While many people may assume that when my court case ended and when the Gehl clauses were added to the Indian Act via Bill S-3 that my work on sex discrimination ceased. It did not.
For the last few years I have been working with a group of women inclusive of First Nations women leaders, organizations and allies, and Canada’s senior feminist experts on Indian Act sex discrimination. This group is observing, advocating, and stressing for the need for Canada to more quickly implement Bill S-3. They are also addressing other issues: the consequences of the discrimination, resolving the lingering differences between matrilineal and patrilineal lines of descendance, and the involuntary enfranchisement of women, and thus her children, when their husbands enfranchised.
Of course I am always sure to raise issues that continue to exist since Gehl v Canada (2017) and the subsequent addition of the Gehl clauses to the Indian Act. In my goal of ensuring community people have access to information that they need, I offer an edited component of a recent document the working group created that specifically addresses situations of unknown and unstated paternity.
It is incorrect to think that all children of unknown and unstated paternity will automatically become registered status Indians like the mother. Gehl v Canada did not solve all situations of unknown and unstated paternity. This is what the court and Canada does; they narrowly define legal remedies as tightly as possible as a measure to save money.
First, as a reminder, when a status registered mother cannot, or will not, identify the father of her child, her child is treated as if they only have one status parent. If the mother has 6(1) status, she can pass on 6(2) status to her child. However, if the mother has only 6(2) status, her child is not entitled to status and is hit with the second-generation cut-off rule.
Although the requirement that a mother provide the father’s name in order to demonstrate that he is a status person was modified through the Gehl case, evidentiary difficulties continue with Indigenous Services Canada’s unknown or unstated paternity rule. Today a mother is required to show, on a balance of probabilities, that the father is/was a status Indian in order for her child to have full status. If the mother is unable to meet the evidentiary requirement the child’s status is bumped down or the child may be denied status altogether.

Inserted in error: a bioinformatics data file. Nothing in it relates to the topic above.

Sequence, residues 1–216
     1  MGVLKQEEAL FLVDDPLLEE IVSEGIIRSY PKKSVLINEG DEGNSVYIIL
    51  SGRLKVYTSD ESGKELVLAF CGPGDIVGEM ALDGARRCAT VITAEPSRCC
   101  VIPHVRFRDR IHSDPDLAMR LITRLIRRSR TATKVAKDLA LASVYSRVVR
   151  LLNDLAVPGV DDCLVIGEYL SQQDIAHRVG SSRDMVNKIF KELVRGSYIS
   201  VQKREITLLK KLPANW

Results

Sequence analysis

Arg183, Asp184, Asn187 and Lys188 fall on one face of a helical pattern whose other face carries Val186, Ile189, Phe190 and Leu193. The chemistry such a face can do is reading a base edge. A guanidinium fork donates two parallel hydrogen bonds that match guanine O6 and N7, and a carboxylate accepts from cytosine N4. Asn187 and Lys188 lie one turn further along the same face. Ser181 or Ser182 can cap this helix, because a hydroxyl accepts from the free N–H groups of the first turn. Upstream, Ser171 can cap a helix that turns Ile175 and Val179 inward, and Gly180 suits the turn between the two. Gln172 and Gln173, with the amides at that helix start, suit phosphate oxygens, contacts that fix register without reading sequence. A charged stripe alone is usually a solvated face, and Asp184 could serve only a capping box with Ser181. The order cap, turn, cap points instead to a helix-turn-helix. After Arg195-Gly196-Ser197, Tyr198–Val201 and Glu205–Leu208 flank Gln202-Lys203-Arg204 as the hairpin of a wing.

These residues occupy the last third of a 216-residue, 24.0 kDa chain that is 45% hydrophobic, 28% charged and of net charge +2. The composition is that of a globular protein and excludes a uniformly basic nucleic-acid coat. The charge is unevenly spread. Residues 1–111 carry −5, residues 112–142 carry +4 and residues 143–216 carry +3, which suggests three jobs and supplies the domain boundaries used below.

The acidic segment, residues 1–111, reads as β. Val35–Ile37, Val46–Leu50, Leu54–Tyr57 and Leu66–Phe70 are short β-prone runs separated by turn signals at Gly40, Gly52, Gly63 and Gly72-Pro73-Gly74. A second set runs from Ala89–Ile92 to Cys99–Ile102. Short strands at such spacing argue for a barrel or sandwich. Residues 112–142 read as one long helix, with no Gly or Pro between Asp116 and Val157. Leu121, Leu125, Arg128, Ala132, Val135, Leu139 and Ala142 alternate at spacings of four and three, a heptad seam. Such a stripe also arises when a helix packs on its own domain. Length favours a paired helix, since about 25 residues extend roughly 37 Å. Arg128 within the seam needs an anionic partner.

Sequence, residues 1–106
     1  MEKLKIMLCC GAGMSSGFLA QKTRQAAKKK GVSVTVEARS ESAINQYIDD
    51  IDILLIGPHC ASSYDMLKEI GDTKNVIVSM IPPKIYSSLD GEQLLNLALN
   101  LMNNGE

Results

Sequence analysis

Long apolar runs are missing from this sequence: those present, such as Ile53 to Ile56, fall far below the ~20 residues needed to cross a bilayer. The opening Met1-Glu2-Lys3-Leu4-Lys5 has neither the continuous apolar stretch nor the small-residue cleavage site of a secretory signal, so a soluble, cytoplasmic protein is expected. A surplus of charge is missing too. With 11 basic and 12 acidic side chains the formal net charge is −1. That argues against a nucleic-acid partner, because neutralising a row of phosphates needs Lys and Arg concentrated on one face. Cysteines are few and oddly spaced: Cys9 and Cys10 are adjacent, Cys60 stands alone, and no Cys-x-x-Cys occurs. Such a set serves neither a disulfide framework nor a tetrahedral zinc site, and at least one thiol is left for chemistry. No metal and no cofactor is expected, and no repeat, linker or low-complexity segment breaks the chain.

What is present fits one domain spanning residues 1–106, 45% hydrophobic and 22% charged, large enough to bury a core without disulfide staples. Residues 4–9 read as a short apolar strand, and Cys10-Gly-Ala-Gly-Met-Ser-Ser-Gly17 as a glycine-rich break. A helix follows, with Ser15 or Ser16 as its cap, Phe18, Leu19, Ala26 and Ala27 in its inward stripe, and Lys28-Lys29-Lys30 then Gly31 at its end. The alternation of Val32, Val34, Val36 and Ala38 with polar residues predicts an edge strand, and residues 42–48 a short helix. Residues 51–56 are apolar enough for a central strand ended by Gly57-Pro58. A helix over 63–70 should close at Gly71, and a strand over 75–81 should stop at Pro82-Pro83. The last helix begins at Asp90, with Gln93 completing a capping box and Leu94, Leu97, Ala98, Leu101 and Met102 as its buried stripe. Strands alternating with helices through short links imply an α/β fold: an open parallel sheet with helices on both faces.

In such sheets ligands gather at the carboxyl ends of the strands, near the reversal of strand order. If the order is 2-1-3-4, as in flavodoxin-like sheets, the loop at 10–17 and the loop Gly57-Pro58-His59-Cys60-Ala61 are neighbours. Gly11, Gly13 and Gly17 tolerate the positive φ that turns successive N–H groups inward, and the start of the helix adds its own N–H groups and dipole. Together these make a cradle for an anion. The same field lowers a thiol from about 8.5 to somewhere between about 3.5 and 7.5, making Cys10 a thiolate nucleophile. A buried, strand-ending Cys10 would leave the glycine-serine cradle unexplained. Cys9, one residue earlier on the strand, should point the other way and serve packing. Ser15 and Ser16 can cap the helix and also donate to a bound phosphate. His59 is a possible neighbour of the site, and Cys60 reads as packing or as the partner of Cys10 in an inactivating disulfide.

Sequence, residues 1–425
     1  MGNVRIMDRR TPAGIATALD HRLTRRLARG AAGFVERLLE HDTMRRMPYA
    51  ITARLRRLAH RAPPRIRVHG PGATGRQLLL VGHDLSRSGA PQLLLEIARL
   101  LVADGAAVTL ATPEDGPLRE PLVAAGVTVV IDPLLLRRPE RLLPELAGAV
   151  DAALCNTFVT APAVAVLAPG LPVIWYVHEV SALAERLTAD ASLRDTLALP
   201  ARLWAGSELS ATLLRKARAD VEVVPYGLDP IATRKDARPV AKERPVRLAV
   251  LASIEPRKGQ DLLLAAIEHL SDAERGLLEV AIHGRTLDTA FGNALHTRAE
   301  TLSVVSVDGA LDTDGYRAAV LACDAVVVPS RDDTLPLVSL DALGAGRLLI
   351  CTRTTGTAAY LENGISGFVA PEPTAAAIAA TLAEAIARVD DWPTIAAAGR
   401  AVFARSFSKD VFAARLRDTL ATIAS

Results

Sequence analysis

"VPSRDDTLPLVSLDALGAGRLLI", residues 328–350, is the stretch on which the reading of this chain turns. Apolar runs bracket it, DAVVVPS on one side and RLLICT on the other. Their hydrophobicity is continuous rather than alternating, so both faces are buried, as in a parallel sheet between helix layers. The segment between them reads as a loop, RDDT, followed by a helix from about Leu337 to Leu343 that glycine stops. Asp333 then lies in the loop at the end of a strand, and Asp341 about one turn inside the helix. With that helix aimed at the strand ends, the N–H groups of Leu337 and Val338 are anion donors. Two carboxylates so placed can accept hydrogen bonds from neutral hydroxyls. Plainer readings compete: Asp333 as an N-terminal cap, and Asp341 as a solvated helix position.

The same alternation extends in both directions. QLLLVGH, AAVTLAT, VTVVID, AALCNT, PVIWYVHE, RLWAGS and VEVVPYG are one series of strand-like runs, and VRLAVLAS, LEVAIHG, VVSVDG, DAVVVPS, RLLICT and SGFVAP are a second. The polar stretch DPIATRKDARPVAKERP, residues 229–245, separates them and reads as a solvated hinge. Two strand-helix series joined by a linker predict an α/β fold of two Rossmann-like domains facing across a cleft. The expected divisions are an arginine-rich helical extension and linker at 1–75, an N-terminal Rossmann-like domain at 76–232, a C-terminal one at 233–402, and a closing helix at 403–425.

It is easy to reason that the difficulties of proof fall harshly on women; this is especially so for young girls who become pregnant. There are, for example, cases of complete unknown paternity where a father is not known to the mother, child, and grandchild because the child was conceived through sexual violence such as rape, gang rape, rape while unconscious due to rape drugs, sexual slavery, prostitution, or situations of multiple partners.
Further, as many know, unstated paternity situations include unreported paternity, unrecognized paternity, unacknowledged paternity, or unestablished paternity, where a mother records the father’s name on the child’s birth registration form, yet he refuses to sign it because he needs to protect his standing in the community, and/or a marriage to another woman, and/or to avoid child support payments, and/or wishes to hide that he had sex (read rape) with a minor child. Unnamed paternity also happens when a woman or minor girl child cannot name the man due to issues of sexual abuse and incest.
What is more, and disturbingly, some birth documents have been changed, or tampered with, sometimes more than once, by hospital or government officials to obscure paternity in cases of adoption, unmarried mothers, or other situations (Gehl, 2017).
And there is still more to discuss here. It is well understood that Indigenous people have a higher rate of disabilities, and further that Indigenous women and girls with disabilities are bigger targets of sexual abuse (Gehl, 2021). Some of these women and girls are unable to hear, see, or move to defend themselves and some become pregnant where the man (I opt not to call them fathers) are unable to be identified and thus named and placed on a child’s birth document.
It is in these ways that the two-parent rule continues the male dominance of the registration system, because identifying the father requires his cooperation, which he can withhold without penalty. Finally on this topic, there is no indication that the files of persons who were denied status because of unstated or unknown paternity before the Bill S-3 changes were made are being reopened and reconsidered. As people can determine Canada has more work to do in meeting their reconciliation agenda.